Hungary should stop its anti-LGBT stance after an MEP from the ruling party Fidesz was caught at a lockdown "sex party", say activists.
József Szájer resigned on Sunday but it wasn't until yesterday that he admitted to attending the illegal event in Brussels.
Szájer, a founding member of Fidesz, was one of the authors of the Hungarian constitution that defined marriage as being between a man and a woman.
"I really encourage Mr Szájer and [Hungarian prime minister] Mr Orbán now to break with the politics of the past and to stand up for LGBT+ rights, this is the time to stand up for human rights," said Belgian LGBT activist Rémy Bonny. "We are all equal and every Hungarian should be equal. There are no second class Hungarians," said Rémy Bonny, Belgian LGBI activist.
Belgian media reported Friday's event as being an illegal sex party above a cafe in central Brussels, attended by mostly men.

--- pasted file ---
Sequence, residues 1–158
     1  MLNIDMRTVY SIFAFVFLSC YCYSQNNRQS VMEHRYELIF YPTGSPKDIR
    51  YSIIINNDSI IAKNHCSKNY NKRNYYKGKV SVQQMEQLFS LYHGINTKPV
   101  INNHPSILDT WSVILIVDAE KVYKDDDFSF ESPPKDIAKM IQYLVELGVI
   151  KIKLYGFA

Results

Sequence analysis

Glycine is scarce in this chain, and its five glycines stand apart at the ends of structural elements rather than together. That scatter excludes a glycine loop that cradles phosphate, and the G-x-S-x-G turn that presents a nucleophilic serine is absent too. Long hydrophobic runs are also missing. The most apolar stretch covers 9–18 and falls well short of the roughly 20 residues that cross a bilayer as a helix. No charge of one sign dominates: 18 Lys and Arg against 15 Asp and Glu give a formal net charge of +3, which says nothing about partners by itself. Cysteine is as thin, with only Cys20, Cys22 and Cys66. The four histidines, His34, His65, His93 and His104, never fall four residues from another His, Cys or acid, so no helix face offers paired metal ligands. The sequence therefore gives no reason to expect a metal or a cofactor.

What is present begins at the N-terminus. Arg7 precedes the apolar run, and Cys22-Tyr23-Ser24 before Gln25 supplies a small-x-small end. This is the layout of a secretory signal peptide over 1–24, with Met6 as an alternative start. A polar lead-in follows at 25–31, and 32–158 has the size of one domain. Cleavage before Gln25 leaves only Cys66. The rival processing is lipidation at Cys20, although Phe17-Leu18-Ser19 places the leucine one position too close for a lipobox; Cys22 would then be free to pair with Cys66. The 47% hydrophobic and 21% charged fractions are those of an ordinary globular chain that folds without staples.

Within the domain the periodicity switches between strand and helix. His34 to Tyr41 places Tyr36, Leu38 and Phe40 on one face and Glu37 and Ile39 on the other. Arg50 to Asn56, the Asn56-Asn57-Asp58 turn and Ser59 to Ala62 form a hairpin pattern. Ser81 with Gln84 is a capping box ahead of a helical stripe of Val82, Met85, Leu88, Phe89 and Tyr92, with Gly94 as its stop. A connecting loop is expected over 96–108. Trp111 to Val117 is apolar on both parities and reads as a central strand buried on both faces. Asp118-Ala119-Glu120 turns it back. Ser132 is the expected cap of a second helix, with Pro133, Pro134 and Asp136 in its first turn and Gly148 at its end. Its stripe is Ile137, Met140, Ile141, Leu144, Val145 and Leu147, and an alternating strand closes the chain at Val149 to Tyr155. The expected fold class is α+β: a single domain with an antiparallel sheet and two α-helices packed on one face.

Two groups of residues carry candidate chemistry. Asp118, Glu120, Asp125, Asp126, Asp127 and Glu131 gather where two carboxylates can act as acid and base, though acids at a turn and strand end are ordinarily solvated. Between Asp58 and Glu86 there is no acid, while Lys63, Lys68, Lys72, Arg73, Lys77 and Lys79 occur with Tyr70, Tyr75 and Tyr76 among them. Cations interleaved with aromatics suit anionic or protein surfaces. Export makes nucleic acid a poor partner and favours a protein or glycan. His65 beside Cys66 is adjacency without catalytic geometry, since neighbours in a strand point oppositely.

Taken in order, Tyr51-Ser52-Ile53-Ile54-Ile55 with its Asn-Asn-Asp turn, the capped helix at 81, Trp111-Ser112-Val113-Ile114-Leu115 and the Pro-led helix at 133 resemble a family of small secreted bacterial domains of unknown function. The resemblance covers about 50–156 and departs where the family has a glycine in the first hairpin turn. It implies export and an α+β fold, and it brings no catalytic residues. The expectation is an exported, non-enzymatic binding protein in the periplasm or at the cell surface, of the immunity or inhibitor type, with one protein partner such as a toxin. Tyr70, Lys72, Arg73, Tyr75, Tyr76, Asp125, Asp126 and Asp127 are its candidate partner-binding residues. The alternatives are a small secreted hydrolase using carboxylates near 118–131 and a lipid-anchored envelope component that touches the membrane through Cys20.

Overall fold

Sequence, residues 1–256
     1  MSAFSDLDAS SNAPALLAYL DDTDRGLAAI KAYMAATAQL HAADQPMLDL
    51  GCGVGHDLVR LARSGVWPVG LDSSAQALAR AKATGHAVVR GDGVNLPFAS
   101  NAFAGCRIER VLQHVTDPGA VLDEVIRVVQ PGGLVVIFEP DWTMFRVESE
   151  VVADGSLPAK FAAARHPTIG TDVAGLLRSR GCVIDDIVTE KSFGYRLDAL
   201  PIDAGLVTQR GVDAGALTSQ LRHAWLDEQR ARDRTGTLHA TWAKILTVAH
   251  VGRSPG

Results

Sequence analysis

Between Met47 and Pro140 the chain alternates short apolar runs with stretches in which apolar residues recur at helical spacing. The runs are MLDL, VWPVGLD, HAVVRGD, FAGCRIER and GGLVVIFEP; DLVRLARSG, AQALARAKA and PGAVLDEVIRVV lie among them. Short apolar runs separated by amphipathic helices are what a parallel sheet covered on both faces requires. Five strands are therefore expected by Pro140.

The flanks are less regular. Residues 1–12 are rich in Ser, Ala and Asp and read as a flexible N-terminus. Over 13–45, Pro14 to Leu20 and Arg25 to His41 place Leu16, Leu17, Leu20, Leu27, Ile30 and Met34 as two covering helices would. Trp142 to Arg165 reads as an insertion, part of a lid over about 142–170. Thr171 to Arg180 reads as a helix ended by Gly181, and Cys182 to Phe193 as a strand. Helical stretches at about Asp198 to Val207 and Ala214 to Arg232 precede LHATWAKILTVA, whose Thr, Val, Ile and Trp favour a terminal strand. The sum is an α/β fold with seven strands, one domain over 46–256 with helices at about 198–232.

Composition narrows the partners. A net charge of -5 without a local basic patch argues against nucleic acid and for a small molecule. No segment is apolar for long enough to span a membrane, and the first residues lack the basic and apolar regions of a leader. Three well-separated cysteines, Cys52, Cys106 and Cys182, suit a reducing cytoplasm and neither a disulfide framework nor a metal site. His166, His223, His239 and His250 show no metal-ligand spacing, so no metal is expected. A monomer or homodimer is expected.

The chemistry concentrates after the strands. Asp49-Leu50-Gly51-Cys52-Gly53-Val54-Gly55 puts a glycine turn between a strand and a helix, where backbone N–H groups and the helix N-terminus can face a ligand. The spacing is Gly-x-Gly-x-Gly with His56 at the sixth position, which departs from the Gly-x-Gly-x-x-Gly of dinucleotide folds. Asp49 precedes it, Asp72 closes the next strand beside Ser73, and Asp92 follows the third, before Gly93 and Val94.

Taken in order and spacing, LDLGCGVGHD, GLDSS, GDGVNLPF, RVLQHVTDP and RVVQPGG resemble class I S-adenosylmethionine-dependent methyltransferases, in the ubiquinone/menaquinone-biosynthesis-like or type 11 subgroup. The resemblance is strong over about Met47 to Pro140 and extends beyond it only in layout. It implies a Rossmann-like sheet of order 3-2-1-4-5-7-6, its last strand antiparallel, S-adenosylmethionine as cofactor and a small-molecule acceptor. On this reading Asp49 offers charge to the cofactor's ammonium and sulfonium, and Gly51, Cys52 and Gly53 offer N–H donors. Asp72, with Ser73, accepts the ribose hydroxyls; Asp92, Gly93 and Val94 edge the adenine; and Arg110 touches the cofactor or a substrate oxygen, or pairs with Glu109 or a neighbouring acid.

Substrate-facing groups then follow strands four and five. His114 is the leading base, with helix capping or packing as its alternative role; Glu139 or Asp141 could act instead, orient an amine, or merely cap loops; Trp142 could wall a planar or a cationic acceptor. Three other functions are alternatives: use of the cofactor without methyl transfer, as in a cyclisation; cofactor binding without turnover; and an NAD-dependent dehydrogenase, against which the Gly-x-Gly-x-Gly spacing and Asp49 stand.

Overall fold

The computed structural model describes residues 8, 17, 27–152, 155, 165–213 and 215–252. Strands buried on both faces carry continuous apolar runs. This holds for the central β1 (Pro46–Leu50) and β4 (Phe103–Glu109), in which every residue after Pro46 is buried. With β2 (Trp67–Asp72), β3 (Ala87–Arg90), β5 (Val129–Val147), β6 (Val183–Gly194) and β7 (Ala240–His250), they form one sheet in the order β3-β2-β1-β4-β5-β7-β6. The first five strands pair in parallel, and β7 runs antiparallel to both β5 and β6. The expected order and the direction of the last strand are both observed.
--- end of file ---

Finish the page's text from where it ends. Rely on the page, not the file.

Szájer, according to the Public Prosecutors Office, had tried to escape by fleeing along a gutter, before police caught up with him.
For other MEPs, the scandal has shone a spotlight on the hypocrisy of the ruling party in Budapest.
"The case of Mr Szájer shows that there is an enormous gap between the rhetoric and the practice of leading Fidesz MPs, MEPs or mayors," said Hungarian MEP Márton Gyöngyösi.
French MEP Manon Aubry said: "He is enjoying the freedom of LGBTI community here in Brussels and at the same time, his party is condemning the LGBTI community in back in Hungary."
"He was even one of the main writers of the constitution that criminalises that community in Hungary," she added.
Dutch MEP Sophie in 't Veld told Euronews: "People in Hungary should ask themselves, who do we have in front of us? How credible, how honest is Mr Orbán? Or is he just instrumentalising the hatred against one group in the population for his own political gains?"
Szájer's European Parliament mandate ends officially on December 31st, but he has already stepped back from the political life.
Last month Hungary’s government has proposed draft legislation that would ban adoption for same-sex couples. In May the country's parliament passed a bill that stopped trans people from being able to alter their gender and name on official documents, such as identity documents and marriage certificates.